La Bohème. Much encouraged by the result of Manon , an absolute triumph, Puccini flung himself into his work with renewed enthusiasm. He chose as his next subject Henri Murger's Scene de la vie de bohème (1847) and his identification with this world populated by penniless artists and pretty seamstresses was total, and intimately connected with his own firsthand experiences as a student. The public adored Mimì. The popularity of the opera liberated Puccini from all financial preoccupations. Bohème, first performed at the Teatro Regio in Turin on 1 February 1896, with Toscanini as conductor, is a masterpiece of characterisation, sentiment and craftsmanship. The short and agile articulation of the four acts, the perfect correspondence between libretto and musical structure, the skilful movement from cantabile to rapid declamation, the tendency to depict particular moments (such as the blazing fireplace, the snowflakes, etc.) with music; these are all positive aspects peculiar to Bohème, supported by successfull technical devices such as the use of the augmented fifth which produces a pleasant discord and confers a vaguely sad and tragic mood, made even more vague by “impressionistic” orchestration. The libretto is based on a text which had already attracted Leoncavallo's interest. Fifteen months after the première of Bohème in Turin , Leoncavallo's opera, Bohème, was performed. It suffered in comparison with Puccini's and caused the rupture of their friendship. The decision to base the libretto on the play, rather than on the novel written by Murger, demonstrates Puccini's wish to emphasise the passive and pathetic aspects of Mimì's character, perfectly reflected in the music, with the intention of moving an audience, passively sitting in the theatre, to cathartic tears. (A few years earlier De Amicis had done something similar with his book Cuore , and later the minor Crepuscolarismo poets did the same thing).
There are often said to be autobiographical elements in Bohème linked to the composer's student days in Milan (1880-83). Those who know Lucca however recognize immediately the arrival of the milk-sellers at the city gates as glimpse of lucchese life a century ago. And appropriately they head towards San Michele, the epicentre of lucchese life.
La Bohème , act III, The Enfer Gate “tall houses and February fog”
Peasant women: - “butter and cheese... poultry and eggs” (they pay and customs guards let them pass) - “Which way are you going?”
- “To san Michele!”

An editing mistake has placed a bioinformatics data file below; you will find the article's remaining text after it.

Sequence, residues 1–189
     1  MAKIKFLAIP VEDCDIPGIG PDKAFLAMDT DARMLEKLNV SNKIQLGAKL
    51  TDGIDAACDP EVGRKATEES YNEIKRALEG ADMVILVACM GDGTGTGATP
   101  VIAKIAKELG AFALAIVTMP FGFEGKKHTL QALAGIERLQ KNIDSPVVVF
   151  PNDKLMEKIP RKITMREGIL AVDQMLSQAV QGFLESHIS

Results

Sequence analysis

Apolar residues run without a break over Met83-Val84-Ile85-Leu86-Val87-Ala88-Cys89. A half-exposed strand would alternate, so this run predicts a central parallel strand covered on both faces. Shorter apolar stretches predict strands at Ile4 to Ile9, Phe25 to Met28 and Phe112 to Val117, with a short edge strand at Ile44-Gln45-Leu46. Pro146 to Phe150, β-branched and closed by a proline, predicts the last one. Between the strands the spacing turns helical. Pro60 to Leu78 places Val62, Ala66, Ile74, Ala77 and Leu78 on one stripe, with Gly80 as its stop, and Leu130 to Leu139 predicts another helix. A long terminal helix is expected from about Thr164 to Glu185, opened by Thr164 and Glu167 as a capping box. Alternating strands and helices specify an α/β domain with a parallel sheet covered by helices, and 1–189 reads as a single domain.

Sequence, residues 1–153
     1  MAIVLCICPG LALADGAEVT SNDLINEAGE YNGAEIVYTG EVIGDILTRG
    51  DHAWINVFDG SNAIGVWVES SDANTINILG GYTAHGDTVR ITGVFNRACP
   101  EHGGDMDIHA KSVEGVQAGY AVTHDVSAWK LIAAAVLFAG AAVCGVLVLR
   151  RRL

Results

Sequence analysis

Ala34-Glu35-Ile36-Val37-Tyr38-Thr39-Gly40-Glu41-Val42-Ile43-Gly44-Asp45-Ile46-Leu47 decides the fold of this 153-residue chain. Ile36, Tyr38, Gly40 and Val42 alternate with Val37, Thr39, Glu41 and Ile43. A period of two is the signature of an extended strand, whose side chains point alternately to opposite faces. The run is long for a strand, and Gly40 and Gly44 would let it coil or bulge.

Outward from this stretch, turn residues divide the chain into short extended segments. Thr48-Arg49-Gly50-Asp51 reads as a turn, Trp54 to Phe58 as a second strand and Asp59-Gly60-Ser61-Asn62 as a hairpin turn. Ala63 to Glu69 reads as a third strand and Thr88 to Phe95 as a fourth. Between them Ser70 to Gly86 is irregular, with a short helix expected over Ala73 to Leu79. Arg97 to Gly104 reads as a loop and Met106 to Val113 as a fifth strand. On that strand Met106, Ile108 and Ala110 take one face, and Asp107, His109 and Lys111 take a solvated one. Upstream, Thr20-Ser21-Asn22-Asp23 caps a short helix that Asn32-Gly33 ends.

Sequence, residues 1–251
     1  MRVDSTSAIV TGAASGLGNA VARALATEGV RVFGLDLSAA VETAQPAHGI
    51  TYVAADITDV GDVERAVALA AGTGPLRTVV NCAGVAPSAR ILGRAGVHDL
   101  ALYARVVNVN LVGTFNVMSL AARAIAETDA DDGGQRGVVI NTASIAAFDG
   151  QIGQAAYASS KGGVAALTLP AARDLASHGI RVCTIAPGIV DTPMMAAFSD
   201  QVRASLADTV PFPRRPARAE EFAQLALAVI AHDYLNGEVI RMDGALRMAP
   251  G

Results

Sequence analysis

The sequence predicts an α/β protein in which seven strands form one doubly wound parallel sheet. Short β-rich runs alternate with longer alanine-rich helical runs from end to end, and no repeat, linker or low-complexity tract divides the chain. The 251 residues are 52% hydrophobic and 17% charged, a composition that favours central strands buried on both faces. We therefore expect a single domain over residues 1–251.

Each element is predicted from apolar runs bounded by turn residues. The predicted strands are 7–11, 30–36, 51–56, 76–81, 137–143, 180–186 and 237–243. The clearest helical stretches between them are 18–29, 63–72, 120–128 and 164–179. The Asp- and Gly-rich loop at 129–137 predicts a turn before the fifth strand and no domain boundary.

Tosca. If Bohème was at the root of the quarrel between Puccini and Leoncavallo, it was Tosca that caused the rupture with Franchetti who had thought of setting Sardou's play to music before Puccini did. Puccini's repeated choice of a realistic subject was due to an unavowed wish to compete with those musicians who had won great success thanks to the so-called Verismo style of their Operas, such as Giordano with Malavita, Mascagni with Cavalleria rusticana and Leocavallo with Pagliacci. Tosca , an opera in three acts to the libretto by Illica and Giacosa, was produced in Rome at the Teatro Costanzi on 14 January 1900. Tosca is less sentimental and sweet than Mimì, less tender and willing to sacrifice herself than Manon. She is a well depicted character, the protagonist of a passionate and adventurous story where things run so fast that it is impossible to present the psychological aspects of individual characters who are instead given a specific role from the beginning, namely the woman lover, the man lover and the evil man. The music does not develop, but is built upon a series of evocative repetitions which constantly guide the audience. Puccini exploits this technique with its repeated forms widely. This is what Mahler, who had already conducted Le Villi and would later conduct Madama Butterfly, wrote about Tosca to his wife, in a letter of 1903: “Before the execution I got up and went away. There is no need to say that here Puccini once again demonstrates his great mastery, on the other hand anyone can do an excellent orchestration nowadays.” Thus, although admitting Puccini's ability and shrewdness, Mahler also draws attention to the bad taste of the torture scene, the cross on the breast, the candles next to the corpse and so on, a mixture of heterogeneous ideas and images which the conductor and composer Leibowitz saw as anticipating Alban Berg's theatre. Puccini was a perfectionist. He set high standards for himself and everyone else involved in his operas. He worked tirelessly with the sopranos who played his heroines. "He went over the music step by step, phrase by phrase," recalled Maria Jeritza, Puccini's favourite Tosca. "He moulded me. I was his creation."